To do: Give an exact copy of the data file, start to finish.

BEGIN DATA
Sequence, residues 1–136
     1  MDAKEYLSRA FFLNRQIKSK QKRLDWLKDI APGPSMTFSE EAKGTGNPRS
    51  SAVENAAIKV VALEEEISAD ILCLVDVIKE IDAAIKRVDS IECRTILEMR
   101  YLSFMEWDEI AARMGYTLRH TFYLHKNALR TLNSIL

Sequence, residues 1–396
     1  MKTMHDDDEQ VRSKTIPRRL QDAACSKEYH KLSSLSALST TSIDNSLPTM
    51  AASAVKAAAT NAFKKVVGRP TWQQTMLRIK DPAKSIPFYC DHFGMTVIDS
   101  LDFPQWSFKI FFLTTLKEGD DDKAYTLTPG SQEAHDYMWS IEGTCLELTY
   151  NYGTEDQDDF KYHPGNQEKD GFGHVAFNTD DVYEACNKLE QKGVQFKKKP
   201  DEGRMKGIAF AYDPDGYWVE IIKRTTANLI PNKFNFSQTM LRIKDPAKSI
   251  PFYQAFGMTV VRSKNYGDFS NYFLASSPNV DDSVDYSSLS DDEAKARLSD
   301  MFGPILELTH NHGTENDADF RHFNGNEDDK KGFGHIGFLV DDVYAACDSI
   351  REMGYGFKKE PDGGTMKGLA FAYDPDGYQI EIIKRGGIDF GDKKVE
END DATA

Sequence, residues 1–136
     1  MDAKEYLSRA FFLNRQIKSK QKRLDWLKDI APGPSMTFSE EAKGTGNPRS
    51  SAVENAAIKV VALEEEISAD ILCLVDVIKE IDAAIKRVDS IECRTILEMR
   101  YLSFMEWDEI AARMGYTLRH TFYLHKNALR TLNSIL

Sequence, residues 1–396
     1  MKTMHDDDEQ VRSKTIPRRL QDAACSKEYH KLSSLSALST TSIDNSLPTM
    51  AASAVKAAAT NAFKKVVGRP TWQQTMLRIK DPAKSIPFYC DHFGMTVIDS
   101  LDFPQWSFKI FFLTTLKEGD DDKAYTLTPG SQEAHDYMWS IEGTCLELTY
   151  NYGTEDQDDF KYHPGNQEKD GFGHVAFNTD DVYEACNKLE QKGVQFKKKP
   201  DEGRMKGIAF AYDPDGYWVE IIKRTTANLI PNKFNFSQTM LRIKDPAKSI
   251  PFYQAFGMTV VRSKNYGDFS NYFLASSPNV DDSVDYSSLS DDEAKARLSD
   301  MFGPILELTH NHGTENDADF RHFNGNEDDK KGFGHIGFLV DDVYAACDSI
   351  REMGYGFKKE PDGGTMKGLA FAYDPDGYQI EIIKRGGIDF GDKKVE